The National Motorcycle Museum is widely known for its massive, and diverse, collection of motorcycles. But some are surprised to know the Museum also has a significant bicycle collection. As their histories are joined, John Parham knew it was logical to tell the bicycle and motorcycle stories side by side.
This week’s featured bike is a Merkel bicycle, likely made for Merkel by Miami Cycle. It was not unusual for motorcycle manufacturers including Harley-Davidson to contract with bicycle makers, but specify frame design, components, paint and badging to be employed. Merkel motorcycles are known for their unique orange color and many of their bicycles were done in the same orange.
What is very rare about this Merkel is the “tank” which is unusual to come across. As with more modern bicycles, this could be used to contain a battery for lighting, though we are not certain if this frame originally employed this tank, or if it was added later. The brazed, not lugged, frame and tank are more recently painted so clear evidence is lacking. Other frame design features like the “split” bottom bracket, holding the pedal crank, and the stays, holding the rear axle as well as the fender mounts and seat post help, but there are no “serial numbers” visible. The fork design does not show up in Merkel catalogs we have reviewed, nor does the eagle Diamond Perfection seat, but most features say Miami Cycle/Merkel, as do the one piece pedal crank, clover sprocket and the Pirate #1 pedals.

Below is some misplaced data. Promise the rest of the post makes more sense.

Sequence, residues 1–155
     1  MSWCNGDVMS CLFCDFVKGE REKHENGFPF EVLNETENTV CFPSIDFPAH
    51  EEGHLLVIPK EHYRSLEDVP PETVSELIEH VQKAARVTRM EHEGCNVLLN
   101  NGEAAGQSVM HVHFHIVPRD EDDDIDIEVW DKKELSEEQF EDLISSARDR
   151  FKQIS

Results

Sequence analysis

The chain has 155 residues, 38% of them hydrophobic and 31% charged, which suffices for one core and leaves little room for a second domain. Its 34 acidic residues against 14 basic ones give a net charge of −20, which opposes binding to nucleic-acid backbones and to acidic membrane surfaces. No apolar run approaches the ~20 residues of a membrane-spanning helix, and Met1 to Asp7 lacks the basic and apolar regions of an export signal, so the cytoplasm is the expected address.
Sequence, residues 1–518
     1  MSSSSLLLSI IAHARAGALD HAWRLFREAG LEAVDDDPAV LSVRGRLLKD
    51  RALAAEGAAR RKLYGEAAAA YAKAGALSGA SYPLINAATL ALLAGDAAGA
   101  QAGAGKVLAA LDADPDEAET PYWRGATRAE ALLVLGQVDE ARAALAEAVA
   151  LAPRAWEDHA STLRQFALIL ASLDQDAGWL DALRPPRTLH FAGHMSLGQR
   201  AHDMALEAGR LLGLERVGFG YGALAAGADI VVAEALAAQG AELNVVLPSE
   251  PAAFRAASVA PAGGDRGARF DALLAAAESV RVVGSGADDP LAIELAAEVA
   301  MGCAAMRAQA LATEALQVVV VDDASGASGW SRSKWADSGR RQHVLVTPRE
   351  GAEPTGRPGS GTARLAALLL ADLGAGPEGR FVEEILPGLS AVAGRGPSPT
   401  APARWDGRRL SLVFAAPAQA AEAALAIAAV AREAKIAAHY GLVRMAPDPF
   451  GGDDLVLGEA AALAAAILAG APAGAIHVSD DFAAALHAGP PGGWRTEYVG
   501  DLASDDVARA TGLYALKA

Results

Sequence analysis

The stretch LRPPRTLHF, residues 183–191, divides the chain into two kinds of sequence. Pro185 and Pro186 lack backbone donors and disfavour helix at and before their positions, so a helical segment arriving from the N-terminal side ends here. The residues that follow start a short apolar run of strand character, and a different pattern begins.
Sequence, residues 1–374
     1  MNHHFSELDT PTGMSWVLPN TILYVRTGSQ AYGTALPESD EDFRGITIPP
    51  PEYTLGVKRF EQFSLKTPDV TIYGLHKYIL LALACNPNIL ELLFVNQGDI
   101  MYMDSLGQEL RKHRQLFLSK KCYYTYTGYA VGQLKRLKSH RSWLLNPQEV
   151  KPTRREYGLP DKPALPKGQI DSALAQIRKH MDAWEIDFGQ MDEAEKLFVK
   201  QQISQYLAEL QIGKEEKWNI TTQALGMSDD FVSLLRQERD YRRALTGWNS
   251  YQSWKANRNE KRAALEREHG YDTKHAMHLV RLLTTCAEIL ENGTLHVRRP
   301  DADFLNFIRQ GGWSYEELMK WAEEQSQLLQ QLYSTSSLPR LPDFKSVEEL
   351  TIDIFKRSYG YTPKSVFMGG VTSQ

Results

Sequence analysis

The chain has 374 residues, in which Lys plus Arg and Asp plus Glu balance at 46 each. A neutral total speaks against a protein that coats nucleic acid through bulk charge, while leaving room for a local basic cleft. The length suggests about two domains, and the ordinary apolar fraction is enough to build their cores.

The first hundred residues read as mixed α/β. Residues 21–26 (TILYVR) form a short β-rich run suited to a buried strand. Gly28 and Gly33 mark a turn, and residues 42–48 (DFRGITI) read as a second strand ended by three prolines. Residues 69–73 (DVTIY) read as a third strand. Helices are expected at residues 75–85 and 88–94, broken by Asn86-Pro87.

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In the ‘teens and early ‘20s era, this was a top quality bicycle with few being made, few still existing from Miami’s 1912 to 1923 production of Merkel bicycles. When you visit the National Motorcycle Museum make sure you spend some time with the bicycle collection. Bone shakers, penny-farthings, early tricycles, stylish pre-World War II designs and even some Schwinn Sting Rays are all here to help you trace well over 125 years of early two-wheeling design and technology.